Government anticipates matching demand without importing.
Jakarta: The Indonesian government has prepared 2.3 million animals for the Eid al Adha festival of sacrifice this year with the country’s animal health monitoring online system indicating there will be no need to import.
Director general of livestock and animal health at the agriculture ministry Nasrullah told Salaam Gateway the demand for 1.8 million animals was fully guaranteed from local livestock. The government anticipates a 10% growth in demand this year from the 1.6 million sacrificed in 1443 (2021).
Nasrullah added 2.3 million tails prepared for sacrificial worship consist of 882,266 cows, 27,179 buffaloes, 952,390 goats and 408,025 sheep. Eid al Adha falls on 9 July in Indonesia.
However, he admitted this year’s festival was challenging. For the first time since 1990, Indonesia is not included in the World Organisation for Animal Health or OIE’s member list recognised as free from foot and mouth disease (FMD) where vaccination is not practiced.
The disease has affected as many as 236,229 tails across 19 provinces and 216 cities or regencies with a recovery rate of only 32.8%. Nasrullah said the government has initiated steps to ensure the health and safety of both livestock and humans.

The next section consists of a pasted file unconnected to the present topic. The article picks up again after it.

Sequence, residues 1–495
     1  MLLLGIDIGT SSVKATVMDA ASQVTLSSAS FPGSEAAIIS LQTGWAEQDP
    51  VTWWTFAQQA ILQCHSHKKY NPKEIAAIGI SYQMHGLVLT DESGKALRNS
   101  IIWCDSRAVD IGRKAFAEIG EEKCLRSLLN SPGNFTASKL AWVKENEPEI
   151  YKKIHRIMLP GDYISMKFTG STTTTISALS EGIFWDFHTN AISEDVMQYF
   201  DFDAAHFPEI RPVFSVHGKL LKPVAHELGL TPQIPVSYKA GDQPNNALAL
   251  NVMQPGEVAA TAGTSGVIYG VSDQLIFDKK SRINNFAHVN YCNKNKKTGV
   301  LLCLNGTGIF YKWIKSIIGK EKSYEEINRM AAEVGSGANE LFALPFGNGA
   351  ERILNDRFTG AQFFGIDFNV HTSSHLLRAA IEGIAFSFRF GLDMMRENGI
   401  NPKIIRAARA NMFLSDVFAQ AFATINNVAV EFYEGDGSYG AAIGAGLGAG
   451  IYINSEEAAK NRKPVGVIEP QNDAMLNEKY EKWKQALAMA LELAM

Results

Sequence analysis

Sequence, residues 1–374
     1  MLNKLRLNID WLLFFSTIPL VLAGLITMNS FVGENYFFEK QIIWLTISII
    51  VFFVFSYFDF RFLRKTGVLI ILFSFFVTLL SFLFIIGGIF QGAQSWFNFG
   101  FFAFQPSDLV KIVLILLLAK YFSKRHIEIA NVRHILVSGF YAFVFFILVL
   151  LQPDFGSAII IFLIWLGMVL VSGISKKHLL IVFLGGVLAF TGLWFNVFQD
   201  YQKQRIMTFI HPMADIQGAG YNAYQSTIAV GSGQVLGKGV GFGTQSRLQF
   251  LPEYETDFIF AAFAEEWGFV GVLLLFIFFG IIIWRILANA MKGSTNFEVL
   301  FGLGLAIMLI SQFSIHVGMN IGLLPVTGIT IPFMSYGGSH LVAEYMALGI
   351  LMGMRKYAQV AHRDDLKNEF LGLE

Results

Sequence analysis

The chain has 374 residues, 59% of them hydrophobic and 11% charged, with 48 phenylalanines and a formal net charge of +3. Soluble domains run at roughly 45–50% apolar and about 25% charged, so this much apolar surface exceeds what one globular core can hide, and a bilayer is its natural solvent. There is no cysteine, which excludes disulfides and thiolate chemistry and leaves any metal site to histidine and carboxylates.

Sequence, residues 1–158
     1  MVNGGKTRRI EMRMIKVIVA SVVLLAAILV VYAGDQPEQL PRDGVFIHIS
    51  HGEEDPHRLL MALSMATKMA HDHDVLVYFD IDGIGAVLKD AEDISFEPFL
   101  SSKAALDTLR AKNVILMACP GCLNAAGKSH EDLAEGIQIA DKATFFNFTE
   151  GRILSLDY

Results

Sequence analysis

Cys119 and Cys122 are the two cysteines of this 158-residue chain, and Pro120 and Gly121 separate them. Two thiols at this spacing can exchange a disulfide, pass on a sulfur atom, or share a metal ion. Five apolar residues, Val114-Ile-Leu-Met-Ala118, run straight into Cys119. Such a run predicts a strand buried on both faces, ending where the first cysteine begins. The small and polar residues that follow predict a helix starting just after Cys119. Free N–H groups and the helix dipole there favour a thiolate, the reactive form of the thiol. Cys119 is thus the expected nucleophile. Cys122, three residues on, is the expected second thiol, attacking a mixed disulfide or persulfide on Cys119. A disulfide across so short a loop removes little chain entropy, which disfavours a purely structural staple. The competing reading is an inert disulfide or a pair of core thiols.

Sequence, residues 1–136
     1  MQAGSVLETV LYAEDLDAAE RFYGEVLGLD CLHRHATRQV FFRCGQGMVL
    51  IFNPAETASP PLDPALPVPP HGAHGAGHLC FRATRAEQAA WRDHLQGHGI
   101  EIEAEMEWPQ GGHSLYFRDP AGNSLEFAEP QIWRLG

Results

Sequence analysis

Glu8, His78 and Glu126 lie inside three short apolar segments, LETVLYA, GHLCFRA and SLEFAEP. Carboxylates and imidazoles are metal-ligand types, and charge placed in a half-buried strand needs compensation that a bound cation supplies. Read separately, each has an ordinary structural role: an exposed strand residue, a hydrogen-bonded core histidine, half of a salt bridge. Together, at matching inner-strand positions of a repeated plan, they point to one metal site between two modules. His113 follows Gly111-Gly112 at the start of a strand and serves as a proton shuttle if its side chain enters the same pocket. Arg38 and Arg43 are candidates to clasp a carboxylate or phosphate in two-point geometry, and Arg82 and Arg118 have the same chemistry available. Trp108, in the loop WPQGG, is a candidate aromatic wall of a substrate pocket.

Among the measures are the allocation of 29 million state-funded vaccine doses; allocation of medicine and disinfectant and compensation for animals lost to FMD. The move is expected to cost 4.4 trillion rupiah ($297.5 million) and is currently being finalised by the finance ministry.
“We will tighten the livestock traffic between the regions and won’t transfer infected livestock … to keep as much of the regions as possible free from FMD,” Nasrullah added.
The agricultural ministry estimates the economy will lose 9.9 trillion rupiah ($666.9 million) annually due to FMD. The disease affects several elements within the bovine chain including decreased milk production, sudden death (often occurs in calves), miscarriage, decreased fertility rate, weight loss and trade barriers for breeders and consumers.
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